What if millennials are not saving enough for retirement?

If we take a look at the different studies conducted on saving in millennials we may have a double surprise. Millennials understand the value of saving, but they may not be saving what is necessary.

All the studies carried out in the last two or three years on this age range show results that may seem surprising, but really they are not so.


In the first place, all these young people in general are very cautious and very afraid of financial risk . This makes them view the long- term investments very cautiously, and that, generally, it is a segment of the population that, curiously, prefers investments or safe and low-risk savings to other options .

In fact, the really curious thing is that the percentage of those who really become aware of the need for savings is very high . In addition, it is accompanied by a high percentage of those who have savings to a greater or lesser extent. However , the number of young people who allocate these savings to investment is really low .

This gives us an immediate profile diametrically opposite to what we could imagine: young people are aware of the need to save, save, but do not want to take any long-term risk . However, time is the best ally of your money when it comes to investing.

Obviously, a generation that has grown under the effects of the economic crisis, expresses its risk aversion and fear of market movements. This seems reasonable. However, the problem lies in the conception of long-term savings or what it really was for.

Do millennials save enough for retirement?

Do millennials save enough for retirement?

If we pay attention to all those figures, data and studies to which we referred, it seems that millennials are not saving enough for their future retirement .

We start from the basis of a public pension system that in the not too distant future will not be able to support the current cash model , which will lead us to the fact that many less contributors must support the pensions of many more pensioners. Obviously, in order not to lose purchasing power at that stage of our lives, the need to build capital over time becomes evident . That complement to the public retirement pension will be the one that helps us minimize the impact of retirement in our pocket .

The problem is that, as we have said, the conception of saving in young people is different and, above all, very conservative .


The vision of saving is based more, in the case of millennials, on how to achieve short and medium term objectives. That is to say, the importance of contributing a part of the income for the saving is valued, but, with concrete objectives that do not go in the long term . Obviously, this has positive aspects on the one hand from the point of view of the awareness of savings, but a long-term carefreeness that does not match well with the future of retirement pensions .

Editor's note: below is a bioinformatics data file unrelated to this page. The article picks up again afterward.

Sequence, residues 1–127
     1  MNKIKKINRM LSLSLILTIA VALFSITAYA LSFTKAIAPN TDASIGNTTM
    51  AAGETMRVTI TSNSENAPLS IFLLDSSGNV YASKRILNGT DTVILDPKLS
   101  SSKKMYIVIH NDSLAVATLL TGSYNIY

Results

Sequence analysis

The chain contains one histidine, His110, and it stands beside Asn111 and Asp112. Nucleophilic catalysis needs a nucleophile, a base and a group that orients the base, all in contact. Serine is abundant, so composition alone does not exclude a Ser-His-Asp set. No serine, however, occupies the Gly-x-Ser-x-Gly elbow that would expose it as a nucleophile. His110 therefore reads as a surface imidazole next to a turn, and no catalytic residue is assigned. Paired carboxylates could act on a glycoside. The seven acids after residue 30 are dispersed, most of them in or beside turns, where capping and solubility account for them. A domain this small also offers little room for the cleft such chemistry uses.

On the other hand, millennials as part of a generation that has suffered a brutal economic crisis, do not sympathize with the risk in savings bets or investments.

If we think of retirement savings as a long-term career, we understand that, first, the sooner we start the less we will have to contribute systematically . Saving for a goal of € 100,000 for 20 years is not the same as doing it for 40 years. Similarly, investing at 30 is not the same as doing at 50.

Also, within the same logic, the construction of a savings road must assume more risks at the beginning, that is, during the first years of its formation, less in the middle sections, and eliminate the risk in the final section . If we had to extrapolate it at ages, we would say that we can take risks in our savings between 20 years and 40 years, we must consolidate our savings between 40 years and 50 years, and we should not expose our savings from 50 years to now of retirement. If we do not assume that first period of risk in search of greater profitability, we may also have to contribute more money to our products, or the savings portfolio that we form is not adequate. Undoubtedly, the modification of retirement savings comes by the conviction of an unflattering future for public pensions. This conviction, which seems to have not yet reached the younger generations, is undoubtedly the engine that will change the fate of savings in the coming years.

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